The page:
Interview with Sue Rogers

Sue had to content herself with holidays in British resorts as a child; but as an adult she has most certainly gone very far and wide. Enthusiastic and curious about the world, this solo traveller and founder of Because It's There tells us a little about her feelings toward travel.

Xinjiang, the start of the Karakorum Highway

Sue, tell us something about your early years and how your love of travel developed.

I've wanted to travel and see what's out there ever since I was small. I don't know why, though I've read that some people have a curiosity gene. As a family, we holidayed in British seaside resorts, if at all. I thought I had died and gone to heaven when I made my first trip abroad aged 11. A school day trip to Dieppe. And I could have died. (Perhaps.) There was a huge storm in the Channel. Not the last time that happened to me either, though on the second occasion I was on a 26 foot catamaran on the same stretch of water, it was gusting 11 and it was a decidedly more dubious situation. Since then I've survived thievery, volcanic eruptions, landslides and aircraft engine failure. I've been to hospital in Tibet, had my appendix out in Kathmandu and my leg has been encased in plaster after I fell off a waterfall in Venezuela. It hasn't put me off. It's a risky business living and driving in the UK too, at times. And I've been robbed more often in London than I have abroad.

Another border, another country. As fast as I complete my bucket list, travellers I meet tell me about new fabulous possible destinations. I've done thee month trips thinking 'This will cure me', but the sense of something new round very corner just makes me worse. When I'm home, my spare time is taken up planning my next trips.

Now my goal of visiting every country in the world looks possible. I have a plan...tempus fugit.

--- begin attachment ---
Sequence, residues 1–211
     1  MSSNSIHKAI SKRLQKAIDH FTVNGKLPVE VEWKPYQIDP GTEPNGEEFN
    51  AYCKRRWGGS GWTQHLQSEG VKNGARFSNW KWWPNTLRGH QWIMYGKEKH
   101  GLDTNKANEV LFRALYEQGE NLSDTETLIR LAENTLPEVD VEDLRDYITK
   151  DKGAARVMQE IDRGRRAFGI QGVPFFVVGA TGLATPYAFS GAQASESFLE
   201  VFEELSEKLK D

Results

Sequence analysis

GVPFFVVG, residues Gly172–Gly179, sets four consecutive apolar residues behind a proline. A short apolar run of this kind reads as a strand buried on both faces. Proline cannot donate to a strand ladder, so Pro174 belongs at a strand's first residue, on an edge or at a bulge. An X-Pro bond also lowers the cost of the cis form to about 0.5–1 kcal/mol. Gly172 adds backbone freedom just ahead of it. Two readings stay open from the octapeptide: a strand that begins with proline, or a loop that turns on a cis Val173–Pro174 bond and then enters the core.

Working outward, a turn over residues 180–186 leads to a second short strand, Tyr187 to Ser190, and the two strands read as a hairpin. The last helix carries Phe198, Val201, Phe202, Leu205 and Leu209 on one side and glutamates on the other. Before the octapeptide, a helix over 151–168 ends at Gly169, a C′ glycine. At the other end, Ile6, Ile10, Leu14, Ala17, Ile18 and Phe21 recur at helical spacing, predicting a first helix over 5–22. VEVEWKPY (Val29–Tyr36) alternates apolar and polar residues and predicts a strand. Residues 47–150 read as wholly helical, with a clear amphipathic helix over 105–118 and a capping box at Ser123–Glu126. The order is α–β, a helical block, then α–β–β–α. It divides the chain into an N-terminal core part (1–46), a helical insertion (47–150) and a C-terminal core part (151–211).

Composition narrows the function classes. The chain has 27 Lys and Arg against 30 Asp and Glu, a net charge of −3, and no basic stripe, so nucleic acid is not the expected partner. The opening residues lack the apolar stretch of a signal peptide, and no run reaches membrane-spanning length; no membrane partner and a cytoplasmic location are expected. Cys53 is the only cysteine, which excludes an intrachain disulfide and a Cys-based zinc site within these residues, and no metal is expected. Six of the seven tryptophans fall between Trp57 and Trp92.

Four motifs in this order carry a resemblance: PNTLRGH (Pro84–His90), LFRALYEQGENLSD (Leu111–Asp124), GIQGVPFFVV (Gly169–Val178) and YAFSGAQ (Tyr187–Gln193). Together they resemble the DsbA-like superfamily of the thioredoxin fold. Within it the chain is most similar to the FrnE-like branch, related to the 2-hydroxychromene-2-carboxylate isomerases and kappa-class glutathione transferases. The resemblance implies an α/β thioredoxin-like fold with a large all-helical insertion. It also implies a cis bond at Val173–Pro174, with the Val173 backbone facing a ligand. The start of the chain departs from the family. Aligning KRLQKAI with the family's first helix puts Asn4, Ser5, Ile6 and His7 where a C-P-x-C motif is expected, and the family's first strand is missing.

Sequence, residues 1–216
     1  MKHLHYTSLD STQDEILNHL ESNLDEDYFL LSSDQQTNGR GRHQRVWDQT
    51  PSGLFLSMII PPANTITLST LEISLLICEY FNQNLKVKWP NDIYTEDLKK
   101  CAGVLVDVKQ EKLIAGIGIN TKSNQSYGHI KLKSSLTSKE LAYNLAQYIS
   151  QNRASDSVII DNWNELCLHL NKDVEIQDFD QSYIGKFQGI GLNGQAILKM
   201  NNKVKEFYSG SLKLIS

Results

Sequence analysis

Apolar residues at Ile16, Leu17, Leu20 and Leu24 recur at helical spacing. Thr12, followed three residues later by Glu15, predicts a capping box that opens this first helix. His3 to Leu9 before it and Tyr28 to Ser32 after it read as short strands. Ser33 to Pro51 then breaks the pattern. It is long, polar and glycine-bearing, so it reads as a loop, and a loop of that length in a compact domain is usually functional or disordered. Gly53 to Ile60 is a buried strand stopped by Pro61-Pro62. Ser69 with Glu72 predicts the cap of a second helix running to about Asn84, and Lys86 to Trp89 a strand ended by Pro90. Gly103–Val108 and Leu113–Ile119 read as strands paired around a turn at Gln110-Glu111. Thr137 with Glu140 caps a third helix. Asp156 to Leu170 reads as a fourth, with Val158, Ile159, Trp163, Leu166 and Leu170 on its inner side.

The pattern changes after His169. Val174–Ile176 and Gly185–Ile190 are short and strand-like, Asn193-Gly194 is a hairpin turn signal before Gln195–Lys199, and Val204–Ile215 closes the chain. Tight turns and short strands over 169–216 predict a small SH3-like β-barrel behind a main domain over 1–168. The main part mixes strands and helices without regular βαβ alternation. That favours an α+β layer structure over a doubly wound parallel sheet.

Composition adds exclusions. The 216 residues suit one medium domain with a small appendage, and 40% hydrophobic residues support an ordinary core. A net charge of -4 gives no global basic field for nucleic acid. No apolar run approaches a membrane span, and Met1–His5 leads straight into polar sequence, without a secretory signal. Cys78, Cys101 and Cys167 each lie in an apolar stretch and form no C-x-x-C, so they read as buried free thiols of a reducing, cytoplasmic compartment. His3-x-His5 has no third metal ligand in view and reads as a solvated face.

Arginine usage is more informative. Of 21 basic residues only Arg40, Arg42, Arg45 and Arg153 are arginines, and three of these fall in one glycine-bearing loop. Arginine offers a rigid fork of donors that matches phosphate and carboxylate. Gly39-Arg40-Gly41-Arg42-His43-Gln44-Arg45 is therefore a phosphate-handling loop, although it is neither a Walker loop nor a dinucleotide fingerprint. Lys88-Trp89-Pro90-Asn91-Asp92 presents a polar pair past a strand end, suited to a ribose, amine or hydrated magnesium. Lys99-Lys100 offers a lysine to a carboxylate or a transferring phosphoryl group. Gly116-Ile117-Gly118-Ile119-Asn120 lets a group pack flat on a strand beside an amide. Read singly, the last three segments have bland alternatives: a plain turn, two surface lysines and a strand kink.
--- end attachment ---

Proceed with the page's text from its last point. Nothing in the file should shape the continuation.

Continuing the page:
South Georgia

As a woman travelling alone, what are the specific challenges that trying to conquer the world presents and what are some of the rewards?

When I tell people I'm travelling, usually on my own, the stock response is 'Aren't you brave'? I first travelled on my own, to Germany, on the train, when I was 15, so you might say I'm used to it. But, weeks before I make a trip, even now, I'm usually in a total funk, wondering what on earth I'm doing going to remote lands no-one here has ever heard of, on the other side of the world, alone. I get so anxious I pack all the wrong things and a result my bag is always overstuffed and cumbersome.

Reading articles about attacks made on women travelling solo – there was a New York Times article circulating on Stamp the Passport recently- can raise anxiety levels. I try to put this sort of thing to one side and assess the risks sensibly. In developing countries – especially FCO red zones- I pay for a guide and often a driver too. I don't go out on my own at night without checking whether the area is considered safe. I often spend the evenings sorting my photographs and writing my blog-www.because-its-there.uk

I've had a lot of minor aggravation, verbal 'offers', polite 'invitations' sometimes people are selling stuff, at others their goal is somewhat different. I've got blonde hair and I attract attention. Fortunately, I've never had any major issues because I was travelling solo. The worst time was when I had to manhandle my Bhutanese guide away from my bungalow door. Luckily, he went, and hugely embarrassed, didn't turn up to take me to the airport next morning.  I've been in more danger from physical risks in small groups – dodgy Land Rovers with slipping clutches and maniac driving up hairpin-bend-mountain tracks in the Karakorum, for example.

Sometimes it's a little lonely. But I've learned that I don't need to share an experience to understand that this planet is a wonderful place. I'm the one in charge, so I can do what I want, when I want. I don't need to feel guilty if I don't wish to visit a museum (I would rather stay outdoors) or listen to a guide (they often talk too much when I just want to look and I have the Internet for information, which is often more accurate anyway) or motor round a city when I'm not that inspired, or stay longer (or return) when I am. I don't have to conform to anyone else's notion of what it means to travel, where I should stay or how long for.

At times I have to summon up my courage and initiate a conversation. There are nearly always fascinating people to meet and talk to and then move on. Train dining cars are good. Sometimes, we stay in touch and swap travel stories, or even take a trip together. If I'm not in the mood for talk I put on my headphones and take a book. They're a good back up for quiet (or bustling) dining rooms. If terrain or organisation looks overly challenging (or regulations demand it – like North Korea), I might get a tour custom made, or I might join a group tour for a short while, for one leg of a longer trip. Enjoyment of a group tour, I've discovered, is hugely dependent on the quality of the leader/guide. And more often than not I come away thinking 'I could easily have done that on my own after all'.

Toposi village, South Sudan